Cover

pdf iconDownload PDF

pp. 1-1

Title Page, Copyright

pdf iconDownload PDF

pp. 2-7

Contents

pdf iconDownload PDF

pp. viii-9

read more

Acknowledgments

pdf iconDownload PDF

pp. ix-11

My involvement with the field of ASL and early literacy is due largely to the support and inspiration provided by Joanne Cripps and Anita Small. The staff and board members of the Ontario Association of the Deaf have also provided me with myriad forms of support. I wish to convey special thanks...

read more

1. Introduction

pdf iconDownload PDF

pp. 1-7

This book is about an American Sign Language (ASL) literacy program for Deaf and hearing parents and young children in Ontario, Canada. Underlying this subject are several different lines of inquiry. First, this book describes the present-day context of infant hearing screening and early intervention services for Deaf children...

read more

2. ASL and Early Intervention

pdf iconDownload PDF

pp. 8-27

In hearing children, the development of English literacy is preceded by language skills including metalinguistic and phonological awareness, and by a broad first-language vocabulary and opportunities for verbal interaction (Snow, Burns, & Griffin, 1998). Developing minority-language children’s...

read more

3. Discourse and Counterdiscourse

pdf iconDownload PDF

pp. 28-36

As a system of being, a discourse concerns itself with particular matters and promotes certain ideas, perspectives, and values at the expense of others. In doing so, a given discourse will marginalize perspectives and values that are central to other discourses. Or, as Foucault (1972) argues, “Discourses . . . systematically...

read more

4. Research as Praxis

pdf iconDownload PDF

pp. 37-46

As I planned my participatory action research study of the ASL Parent-Child Mother Goose Program, I considered several factors. One of these factors was the pervasiveness of systemic barriers to young Deaf children and their families’ learning of ASL in an Ontario early intervention context. This issue overshadowed my study’s planning...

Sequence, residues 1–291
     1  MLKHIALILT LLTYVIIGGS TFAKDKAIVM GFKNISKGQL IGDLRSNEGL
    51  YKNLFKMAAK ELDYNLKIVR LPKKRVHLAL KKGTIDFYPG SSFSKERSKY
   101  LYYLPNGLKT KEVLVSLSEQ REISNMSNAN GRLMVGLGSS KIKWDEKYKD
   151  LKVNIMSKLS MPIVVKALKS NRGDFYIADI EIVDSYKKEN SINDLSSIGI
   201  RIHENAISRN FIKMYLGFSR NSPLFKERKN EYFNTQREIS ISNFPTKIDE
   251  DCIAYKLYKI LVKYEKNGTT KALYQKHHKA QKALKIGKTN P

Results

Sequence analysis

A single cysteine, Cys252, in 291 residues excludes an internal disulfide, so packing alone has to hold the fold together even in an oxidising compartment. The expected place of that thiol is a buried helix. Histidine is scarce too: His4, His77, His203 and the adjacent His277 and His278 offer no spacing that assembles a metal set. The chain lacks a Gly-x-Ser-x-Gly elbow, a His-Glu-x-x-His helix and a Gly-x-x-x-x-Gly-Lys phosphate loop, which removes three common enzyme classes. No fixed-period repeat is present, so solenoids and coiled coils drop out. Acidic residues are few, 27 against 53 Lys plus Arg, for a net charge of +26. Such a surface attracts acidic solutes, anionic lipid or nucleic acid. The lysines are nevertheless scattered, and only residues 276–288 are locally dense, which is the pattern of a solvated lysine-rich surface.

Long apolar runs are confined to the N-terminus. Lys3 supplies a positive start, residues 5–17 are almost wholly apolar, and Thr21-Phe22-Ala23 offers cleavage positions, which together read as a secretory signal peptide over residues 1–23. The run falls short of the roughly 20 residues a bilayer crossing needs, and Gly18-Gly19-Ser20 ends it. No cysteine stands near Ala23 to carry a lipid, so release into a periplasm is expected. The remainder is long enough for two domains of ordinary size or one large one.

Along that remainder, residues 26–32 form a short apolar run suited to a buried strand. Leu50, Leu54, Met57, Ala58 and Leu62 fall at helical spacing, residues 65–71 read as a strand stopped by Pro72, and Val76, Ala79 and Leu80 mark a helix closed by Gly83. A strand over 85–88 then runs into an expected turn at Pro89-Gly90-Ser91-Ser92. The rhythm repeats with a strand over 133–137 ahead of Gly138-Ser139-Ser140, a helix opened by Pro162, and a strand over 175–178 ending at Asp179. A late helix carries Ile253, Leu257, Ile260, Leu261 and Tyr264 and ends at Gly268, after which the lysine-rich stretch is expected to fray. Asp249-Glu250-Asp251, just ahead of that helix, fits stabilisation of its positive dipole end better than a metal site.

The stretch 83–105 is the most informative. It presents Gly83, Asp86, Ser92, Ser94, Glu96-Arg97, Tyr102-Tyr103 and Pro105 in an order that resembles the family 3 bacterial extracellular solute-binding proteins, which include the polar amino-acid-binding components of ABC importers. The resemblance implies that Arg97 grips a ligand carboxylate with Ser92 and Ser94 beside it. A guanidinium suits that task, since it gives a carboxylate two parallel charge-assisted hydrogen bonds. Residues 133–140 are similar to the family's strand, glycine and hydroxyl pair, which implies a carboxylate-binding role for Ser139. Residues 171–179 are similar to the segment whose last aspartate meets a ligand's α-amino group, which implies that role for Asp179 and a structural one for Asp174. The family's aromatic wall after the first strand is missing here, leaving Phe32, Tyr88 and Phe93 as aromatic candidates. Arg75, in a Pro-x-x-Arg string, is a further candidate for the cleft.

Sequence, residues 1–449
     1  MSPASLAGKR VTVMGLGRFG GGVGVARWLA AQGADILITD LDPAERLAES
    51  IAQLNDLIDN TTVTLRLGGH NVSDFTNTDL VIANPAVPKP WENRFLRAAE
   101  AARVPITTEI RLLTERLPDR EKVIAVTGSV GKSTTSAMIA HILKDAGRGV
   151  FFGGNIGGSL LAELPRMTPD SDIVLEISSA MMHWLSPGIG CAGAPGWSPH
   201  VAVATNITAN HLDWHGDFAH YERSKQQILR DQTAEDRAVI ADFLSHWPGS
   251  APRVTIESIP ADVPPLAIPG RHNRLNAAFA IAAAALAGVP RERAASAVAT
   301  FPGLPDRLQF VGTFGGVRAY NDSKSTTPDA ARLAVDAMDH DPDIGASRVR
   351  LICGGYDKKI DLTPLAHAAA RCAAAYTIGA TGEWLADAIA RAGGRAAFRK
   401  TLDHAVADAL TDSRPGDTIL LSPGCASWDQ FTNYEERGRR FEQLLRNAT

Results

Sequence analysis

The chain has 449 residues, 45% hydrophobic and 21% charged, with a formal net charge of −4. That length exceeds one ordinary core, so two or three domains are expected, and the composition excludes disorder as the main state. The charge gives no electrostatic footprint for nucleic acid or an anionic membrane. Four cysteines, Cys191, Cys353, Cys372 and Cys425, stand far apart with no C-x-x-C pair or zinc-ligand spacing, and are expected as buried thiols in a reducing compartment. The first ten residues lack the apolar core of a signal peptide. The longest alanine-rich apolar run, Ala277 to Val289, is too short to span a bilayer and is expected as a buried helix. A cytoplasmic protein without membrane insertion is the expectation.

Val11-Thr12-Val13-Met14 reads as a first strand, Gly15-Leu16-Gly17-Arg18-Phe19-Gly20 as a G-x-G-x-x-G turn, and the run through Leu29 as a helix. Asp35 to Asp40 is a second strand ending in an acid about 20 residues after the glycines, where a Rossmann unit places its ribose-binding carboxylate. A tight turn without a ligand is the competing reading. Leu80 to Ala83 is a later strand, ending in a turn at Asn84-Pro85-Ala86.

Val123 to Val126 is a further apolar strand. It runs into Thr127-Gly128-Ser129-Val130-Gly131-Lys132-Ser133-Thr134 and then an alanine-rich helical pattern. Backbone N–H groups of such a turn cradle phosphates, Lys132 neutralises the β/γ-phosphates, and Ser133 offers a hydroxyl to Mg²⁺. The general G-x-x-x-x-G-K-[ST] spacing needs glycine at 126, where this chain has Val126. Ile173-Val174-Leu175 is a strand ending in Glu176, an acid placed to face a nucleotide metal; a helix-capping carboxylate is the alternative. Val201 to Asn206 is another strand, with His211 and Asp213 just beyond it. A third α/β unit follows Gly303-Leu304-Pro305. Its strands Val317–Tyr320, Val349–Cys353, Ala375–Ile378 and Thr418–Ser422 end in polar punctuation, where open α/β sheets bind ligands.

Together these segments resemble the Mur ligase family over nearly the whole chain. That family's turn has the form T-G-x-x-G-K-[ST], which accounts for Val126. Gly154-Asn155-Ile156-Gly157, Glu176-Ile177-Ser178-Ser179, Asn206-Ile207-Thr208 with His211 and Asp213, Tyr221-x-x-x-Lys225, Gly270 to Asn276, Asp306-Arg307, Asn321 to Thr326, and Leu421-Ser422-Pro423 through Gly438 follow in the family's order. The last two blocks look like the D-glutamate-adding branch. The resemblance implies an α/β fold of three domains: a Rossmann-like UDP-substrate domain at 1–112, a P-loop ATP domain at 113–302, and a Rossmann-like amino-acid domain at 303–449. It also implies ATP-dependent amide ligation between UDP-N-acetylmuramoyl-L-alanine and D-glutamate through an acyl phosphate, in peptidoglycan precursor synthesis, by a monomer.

read more

5. ASL as Resource

pdf iconDownload PDF

pp. 47-65

The issue of public resources for supporting the learning of ASL by Deaf children is central to this book. Every aspect of our program—its hosting, duration, participants, and setting—was affected by the lack of financial and institutional support from governments and public bodies for teaching and learning...

read more

6. A Deaf Cultural Space

pdf iconDownload PDF

pp. 66-83

To argue that our program environment and activities provided a Deaf cultural presence, it must be clear what Deaf culture is and how it was manifest in this setting. Carol Padden and Tom Humphries note that they have “used a definition of culture that focused on beliefs and practices, particularly the central role of sign language...

read more

7. Facilitating Emergent ASL Literacy

pdf iconDownload PDF

pp. 84-115

In the Deaf cultural space of our program, the role and contributions of Deaf and hearing parents became central issues. In addition to my observations of the program, several conversations and interviews with Jonathan allowed me to further study his role and goals as a program...

read more

8. Conclusion

pdf iconDownload PDF

pp. 116-119

The Deaf mother participants’ and program leader’s use of ASL rhymes and ASL literacy activities in the ASL Parent-Child Mother Goose program work toward a definition of emergent ASL literacy in very young children. Two central parts of this definition are visual attentiveness and response...

Bibliography

pdf iconDownload PDF

pp. 121-131

Author’s Note

pdf iconDownload PDF

pp. 133-145

Index

pdf iconDownload PDF

pp. 135-142